When you make the people you’re talking to really think about what you’re offering as well as the name you’re going to get more honest answers.
Of course, you can also direct the question towards things that are important to your brand rather than just the product you’re selling.
- Which one of these names do you think sounds like a global resource for banking?
- Which one of these names do you think sounds most like a trustworthy and high-end credit card company?
Start by looking at a number of different options. Give your group options that are totally different, not just ones that are super close to each other.
You’re also going to want to keep your brand entirely different from other brands. Don’t try to compare yourself to the big name brands that everyone has heard of (like Amazon, or Lexus, or Visa). You don’t want them to associate you with other brands to start with.
If you do this you’re going to find that people are going to jump for the brand they already know before they jump in for anything brand new, which is what your business is going to be. No name you come up with is going to appeal to them as much as something they’re familiar with already.
4. Go In Deep
Now that you have some feedback you want to look at it all. Look at everything that you’ve learned from your potential audience. You might be surprised by what they tell you.
In fact, most times the names that people think are going to be the best aren’t the ones that the target audience actually likes. You may go into an audience test absolutely certain that you know your name and then find out the audience doesn’t like it.
Keep in mind that you don’t have to go with the name that an audience comes up with though either. It’s going to give you some perspective and let you figure out things that the audience does like and things they don’t. If you absolutely love a different name you absolutely can go with something else, but it’s generally good to go in a direction where the audience at least liked the name, not one that they absolutely hated.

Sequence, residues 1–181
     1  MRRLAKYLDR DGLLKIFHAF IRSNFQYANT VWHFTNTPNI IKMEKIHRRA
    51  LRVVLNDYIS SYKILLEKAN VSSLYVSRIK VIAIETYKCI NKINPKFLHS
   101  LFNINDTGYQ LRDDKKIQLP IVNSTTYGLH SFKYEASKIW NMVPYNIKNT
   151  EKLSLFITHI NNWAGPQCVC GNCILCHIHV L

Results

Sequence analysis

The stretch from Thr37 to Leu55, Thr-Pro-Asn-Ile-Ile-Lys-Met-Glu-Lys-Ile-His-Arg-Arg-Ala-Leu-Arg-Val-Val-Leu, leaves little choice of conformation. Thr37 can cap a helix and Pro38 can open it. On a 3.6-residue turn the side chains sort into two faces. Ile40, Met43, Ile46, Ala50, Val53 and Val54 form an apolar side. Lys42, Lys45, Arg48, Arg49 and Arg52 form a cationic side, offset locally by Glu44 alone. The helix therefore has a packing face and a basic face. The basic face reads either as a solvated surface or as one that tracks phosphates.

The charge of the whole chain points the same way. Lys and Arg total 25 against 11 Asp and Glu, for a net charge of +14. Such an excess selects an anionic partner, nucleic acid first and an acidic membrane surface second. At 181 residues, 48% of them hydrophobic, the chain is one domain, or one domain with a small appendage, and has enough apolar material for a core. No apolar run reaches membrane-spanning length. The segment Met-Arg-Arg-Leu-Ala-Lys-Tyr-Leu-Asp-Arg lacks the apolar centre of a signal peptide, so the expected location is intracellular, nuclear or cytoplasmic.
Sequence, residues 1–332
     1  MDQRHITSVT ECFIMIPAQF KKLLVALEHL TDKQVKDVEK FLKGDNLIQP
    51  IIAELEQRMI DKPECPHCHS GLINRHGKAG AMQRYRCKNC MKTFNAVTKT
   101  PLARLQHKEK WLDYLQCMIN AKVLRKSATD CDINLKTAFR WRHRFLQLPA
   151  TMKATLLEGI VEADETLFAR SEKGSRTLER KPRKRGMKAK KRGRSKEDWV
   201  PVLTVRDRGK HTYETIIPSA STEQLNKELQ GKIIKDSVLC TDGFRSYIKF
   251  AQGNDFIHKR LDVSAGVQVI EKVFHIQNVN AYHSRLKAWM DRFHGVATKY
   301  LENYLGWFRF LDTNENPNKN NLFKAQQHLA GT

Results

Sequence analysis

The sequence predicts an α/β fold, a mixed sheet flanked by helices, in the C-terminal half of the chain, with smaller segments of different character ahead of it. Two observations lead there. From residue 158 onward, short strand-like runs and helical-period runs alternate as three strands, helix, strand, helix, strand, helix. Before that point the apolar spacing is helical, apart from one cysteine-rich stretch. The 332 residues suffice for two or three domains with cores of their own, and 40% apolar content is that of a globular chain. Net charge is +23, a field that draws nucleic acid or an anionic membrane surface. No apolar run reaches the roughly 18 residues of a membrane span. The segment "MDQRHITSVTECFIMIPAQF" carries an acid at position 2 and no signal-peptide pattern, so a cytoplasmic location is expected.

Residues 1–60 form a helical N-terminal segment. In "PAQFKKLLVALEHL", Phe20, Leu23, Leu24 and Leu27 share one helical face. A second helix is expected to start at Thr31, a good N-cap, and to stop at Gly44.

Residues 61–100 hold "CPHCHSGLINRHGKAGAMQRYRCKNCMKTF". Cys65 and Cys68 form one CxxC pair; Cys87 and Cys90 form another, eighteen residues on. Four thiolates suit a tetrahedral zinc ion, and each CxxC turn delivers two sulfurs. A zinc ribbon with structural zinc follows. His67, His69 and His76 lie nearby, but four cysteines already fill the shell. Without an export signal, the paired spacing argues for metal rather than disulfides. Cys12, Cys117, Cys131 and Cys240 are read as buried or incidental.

Now, there’s no way to know 100% how people are going to respond to a name or if the business that you use that name for is going to succeed overall. But you’re going to have a whole lot better chance if you’re at least validating your name with the target audience. You just need to make sure you’re trying it out.
We’re not going to guarantee that audience testing is going to make you a guarantee of success. But it is going to give you better feedback in a totally different way. It’s going to let you see what your audience likes and what you like so that you can create a name that you can feel more comfortable with and that will lend better success toward your business.
Grant Polachek is the Director of Marketing at Inc 500 company Squadhelp.com, the worlds #1 naming platform, with nearly 20,000 customers from the smallest startups across the globe to the largest corporations including Nestle, Philips, Hilton, Pepsi, and AutoNation. Get inspired by exploring these winning company and brand names.